About three or four weeks ago I bit the bullet and went for it. Had my new shoes on which I thought had more than enough padding, grabbed a bottle of water to keep me hydrated and took off.

When you've never so much as broken out into a run in more than ten years, yet you've got fairly toned muscles from weight training, jogging isn't quite as easy as you might think. I made it about 50 metres from my house by which time I was gasping for a drink and thinking maybe this wasn't such a good idea.

You see I can actually run quite fast. Nothing to win any sprint races with but much faster than I used to be able to before I started exercising. My problem being, running feels quite easy - to begin with - so I tend to run faster than I should. Certainly too fast to call what I started out with 'jogging'.

To cut a long story short I managed to jog around about two thirds of my 1.2 kilometre walk interspersed with periods of walking and err... rehydrating (sucking down water actually). Cut my time to about 35 minutes.

That seemed fine. I knew if I kept at it things would get easier and I'd learn to slow my pace to a jog. It wasn't to be.

After about seven days of jogging my joints were all bruising up, particularly at my hips and left knee. My ankles were even starting to hurt. You'd expect some pain with a new exercise regime but even after a couple of days rest my joints weren't recovering.

I had to pull the plug on jogging (and walking for that matter). It's not that I'm not fit enough it's just that I needed better shoes. My entire route - except for one short section - followed a concrete surface. My shoes just weren't up to the job of absorbing the impact.

A couple of weeks after I gave up jogging and walking my joints and muscles are pretty much back to normal. Though there were times where the pain was so great I was sure I must have shattered some bones.

I won't be taking up jogging again any time soon but I am seriously thinking of buying a bicycle. One of those mountain bikes. Long distance bike riding has got to be better for me than walking without all the joint impact of jogging.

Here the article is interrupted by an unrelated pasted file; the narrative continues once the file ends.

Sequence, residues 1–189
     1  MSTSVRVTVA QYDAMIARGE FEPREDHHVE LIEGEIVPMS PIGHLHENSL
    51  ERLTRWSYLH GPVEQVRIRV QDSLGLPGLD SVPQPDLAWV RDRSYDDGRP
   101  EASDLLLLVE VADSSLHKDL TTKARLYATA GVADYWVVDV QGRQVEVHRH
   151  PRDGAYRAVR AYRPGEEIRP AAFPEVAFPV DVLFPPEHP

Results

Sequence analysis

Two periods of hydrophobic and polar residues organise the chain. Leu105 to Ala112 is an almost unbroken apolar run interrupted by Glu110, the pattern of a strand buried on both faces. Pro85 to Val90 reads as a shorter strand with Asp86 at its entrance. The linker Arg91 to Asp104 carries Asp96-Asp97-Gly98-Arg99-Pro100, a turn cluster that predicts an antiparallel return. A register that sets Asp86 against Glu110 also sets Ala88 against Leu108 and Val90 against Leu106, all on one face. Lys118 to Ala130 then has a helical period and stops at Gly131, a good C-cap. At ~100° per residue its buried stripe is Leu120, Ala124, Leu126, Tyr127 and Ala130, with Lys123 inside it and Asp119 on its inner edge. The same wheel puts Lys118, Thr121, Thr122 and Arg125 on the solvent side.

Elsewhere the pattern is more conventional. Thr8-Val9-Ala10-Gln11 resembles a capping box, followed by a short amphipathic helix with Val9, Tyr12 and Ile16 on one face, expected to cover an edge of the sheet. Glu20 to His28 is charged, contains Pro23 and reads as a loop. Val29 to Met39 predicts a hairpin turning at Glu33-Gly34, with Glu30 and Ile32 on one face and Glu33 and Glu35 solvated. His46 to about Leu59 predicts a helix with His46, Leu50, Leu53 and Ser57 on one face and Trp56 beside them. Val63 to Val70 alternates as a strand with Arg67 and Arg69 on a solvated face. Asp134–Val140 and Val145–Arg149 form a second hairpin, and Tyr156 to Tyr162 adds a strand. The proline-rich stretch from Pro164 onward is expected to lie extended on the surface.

The moral... if your at that age where you know you're not as damage proof as you used to be (in my case 39) be sure to have really good shoes before you take up any high impact sport like jogging, running and, if you're really insane, marathon running.

JK Wedding Dance and Music Royalties

You don't even have to be on the Internet to know about the JK Wedding Dance Video. The unique wedding where everyone danced down the aisle to Chris Brown's song 'Forever' spread so widely that it even made it to the evening TV news.

What's interesting is that the video seems to have resurrected the failing career of Chris Brown who is currently facing charges for assaulting his former girlfriend, singer, Rihanna as reported in this E! News article, Could Viral Wedding Dance Video Save Chris Brown's Career?

Bearing in mind that the original wedding video was posted on Youtube for the happy couple's family and friends to view but then went viral, there was no licensing agreement with the copyright owners of the song.

In this Mashable article, JK Wedding Dance Also a Boon to YouTube’s Click-to-Buy Ads, It appears that Google and Youtube moved quickly to monetize the video with their click-to-buy program, which places overlay ads for iTunes and Amazon download links on music videos. In this case Chris Brown's song.

Reportedly this has been a success and contributed to the rise in sales of Chris's song to the point where the year-old Brown track is currently positioned in the Top 5 on iTunes and Amazon's MP3 store.

In the broader view, something like this should make many musical artists sit up and take notice when it comes to amateur video creators using their songs for non-commercial purposes. You never know what is likely to go viral in online video but if your song's attached to it that surely can be a good thing with Google and Youtube's click-to-buy program.

It seems to me everybody wins. The video creator gets to share their video with some really great music. The artist/copyright owners of the song are able to indirectly benefit with sales from the videos rise in popularity and I'm sure Google and Youtube also get a cut too.

All round it seems a much better solution than the usual 'take down notice' that is more the norm when an amateur video creator posts a video that uses copyright music.